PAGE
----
Regards,

Jared R.
Precision DC Product Support Engineer
National Instruments
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@JaredRo wrote:

Hi kmcdevitt,

 

The SC Express product family was specifically designed to take advantage of the PXIe architecture and therefore the timing circuitry on the PXIe-4353 is not designed to be compatible with the PXI platform.  There are no plans to design any of the SC Express products in the PXI form factor.


Jared,

 

Please explain what it is that makes the PXIe-4353 so special that there can not be a PXI-4353.

 

This 32-Channel, 24-Bit, Thermocouple Input Module does 90 S/s/ch sample rate in high-speed mode or 1 S/s/ch sample rate in high-resolution mode.  Surely you are not claming the the PXI platform's architecture and timing circuitry can not hadle the troughput generated by the 32 channels of 24bit data at 90Hz.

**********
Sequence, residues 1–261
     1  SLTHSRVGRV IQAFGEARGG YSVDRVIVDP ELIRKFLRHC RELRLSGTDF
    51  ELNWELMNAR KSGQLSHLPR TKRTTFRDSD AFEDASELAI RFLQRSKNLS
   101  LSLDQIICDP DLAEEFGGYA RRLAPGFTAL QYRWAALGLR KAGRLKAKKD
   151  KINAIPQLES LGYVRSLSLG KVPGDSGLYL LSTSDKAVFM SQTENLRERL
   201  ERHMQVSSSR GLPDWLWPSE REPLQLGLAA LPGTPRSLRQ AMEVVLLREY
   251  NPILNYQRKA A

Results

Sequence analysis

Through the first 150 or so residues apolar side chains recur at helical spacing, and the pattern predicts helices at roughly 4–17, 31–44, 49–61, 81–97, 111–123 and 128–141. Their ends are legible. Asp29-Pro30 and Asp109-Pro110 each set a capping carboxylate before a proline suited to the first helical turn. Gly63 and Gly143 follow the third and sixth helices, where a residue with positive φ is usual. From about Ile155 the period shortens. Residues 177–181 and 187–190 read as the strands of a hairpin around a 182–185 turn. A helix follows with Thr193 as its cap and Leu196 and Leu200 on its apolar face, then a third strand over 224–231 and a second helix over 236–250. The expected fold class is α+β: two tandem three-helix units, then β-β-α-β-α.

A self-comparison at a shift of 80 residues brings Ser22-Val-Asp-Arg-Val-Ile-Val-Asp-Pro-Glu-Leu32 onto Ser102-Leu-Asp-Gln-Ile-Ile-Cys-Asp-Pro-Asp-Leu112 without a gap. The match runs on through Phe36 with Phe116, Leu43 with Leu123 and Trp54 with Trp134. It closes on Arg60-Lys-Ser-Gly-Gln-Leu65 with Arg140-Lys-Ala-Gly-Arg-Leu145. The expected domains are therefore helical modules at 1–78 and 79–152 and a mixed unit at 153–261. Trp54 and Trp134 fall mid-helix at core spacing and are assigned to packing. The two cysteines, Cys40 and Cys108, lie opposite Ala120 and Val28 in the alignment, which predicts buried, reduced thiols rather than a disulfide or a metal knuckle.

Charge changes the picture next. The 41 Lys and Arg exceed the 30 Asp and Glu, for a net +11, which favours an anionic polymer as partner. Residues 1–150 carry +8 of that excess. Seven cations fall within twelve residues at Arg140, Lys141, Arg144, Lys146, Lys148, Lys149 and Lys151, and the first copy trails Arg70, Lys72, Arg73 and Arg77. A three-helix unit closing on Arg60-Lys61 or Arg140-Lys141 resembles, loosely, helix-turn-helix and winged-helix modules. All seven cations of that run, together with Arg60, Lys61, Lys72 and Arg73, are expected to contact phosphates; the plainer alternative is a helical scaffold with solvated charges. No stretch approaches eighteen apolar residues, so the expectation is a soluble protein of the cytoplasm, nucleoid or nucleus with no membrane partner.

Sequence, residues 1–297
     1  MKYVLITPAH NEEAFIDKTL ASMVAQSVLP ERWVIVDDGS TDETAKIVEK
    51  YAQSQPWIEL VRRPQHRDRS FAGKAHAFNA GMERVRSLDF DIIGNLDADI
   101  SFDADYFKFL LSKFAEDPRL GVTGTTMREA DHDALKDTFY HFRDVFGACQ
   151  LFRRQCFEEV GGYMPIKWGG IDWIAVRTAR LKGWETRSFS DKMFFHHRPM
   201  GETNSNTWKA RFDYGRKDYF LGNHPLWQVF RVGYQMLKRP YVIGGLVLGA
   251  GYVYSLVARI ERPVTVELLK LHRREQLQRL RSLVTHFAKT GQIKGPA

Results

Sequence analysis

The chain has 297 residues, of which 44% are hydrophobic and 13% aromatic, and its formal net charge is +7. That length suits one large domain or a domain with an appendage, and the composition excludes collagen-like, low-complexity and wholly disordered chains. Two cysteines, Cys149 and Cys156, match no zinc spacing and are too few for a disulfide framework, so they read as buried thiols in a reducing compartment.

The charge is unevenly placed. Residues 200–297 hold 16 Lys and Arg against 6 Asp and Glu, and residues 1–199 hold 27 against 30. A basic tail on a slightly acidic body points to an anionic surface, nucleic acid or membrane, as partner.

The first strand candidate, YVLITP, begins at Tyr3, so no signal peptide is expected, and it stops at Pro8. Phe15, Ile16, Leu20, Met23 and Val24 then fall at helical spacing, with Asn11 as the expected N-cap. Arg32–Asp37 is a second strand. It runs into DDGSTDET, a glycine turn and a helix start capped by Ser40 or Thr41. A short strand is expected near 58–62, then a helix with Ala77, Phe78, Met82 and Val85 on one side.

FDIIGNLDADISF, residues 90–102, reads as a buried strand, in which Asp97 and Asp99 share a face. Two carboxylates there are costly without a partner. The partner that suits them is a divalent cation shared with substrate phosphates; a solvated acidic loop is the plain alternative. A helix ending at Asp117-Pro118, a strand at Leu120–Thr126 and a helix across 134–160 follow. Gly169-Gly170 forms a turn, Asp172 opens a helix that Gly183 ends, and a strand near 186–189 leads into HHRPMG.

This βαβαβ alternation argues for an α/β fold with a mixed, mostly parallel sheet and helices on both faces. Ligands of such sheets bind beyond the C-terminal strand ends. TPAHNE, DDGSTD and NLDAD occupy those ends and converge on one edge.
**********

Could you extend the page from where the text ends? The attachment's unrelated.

Jared, it is not a pleasent fealing to be prommised that the new signal conditioning cards are going to be made for your soon to be purchased PXI-1045 chassises, and later find out from an Applications Engineer Jared that it has been in the plans to never make PXI versions of signal conditioning cards.  How would you feel if you purchased about 30 PXI-1045 18 slot chassises with PXI Embedded RT controllers with the promiss that if you bought the controllers and chassises that NI would continue to develope new Signal Conditioning and Other PXI Cards for your chassises.  Just buy them, and the new PXI cards will come.  How would you feel when you were told to be patient and just wait till next years NI week.  How patient would you be after the second year of being told to be patient until the next year's NI week?  How patient would you be after the third year of being told to be patient until the next year's NI week?  I have been recently asked to be patient again.  NI Week 2012, there may be something.  And now you tell me that there will never be anything.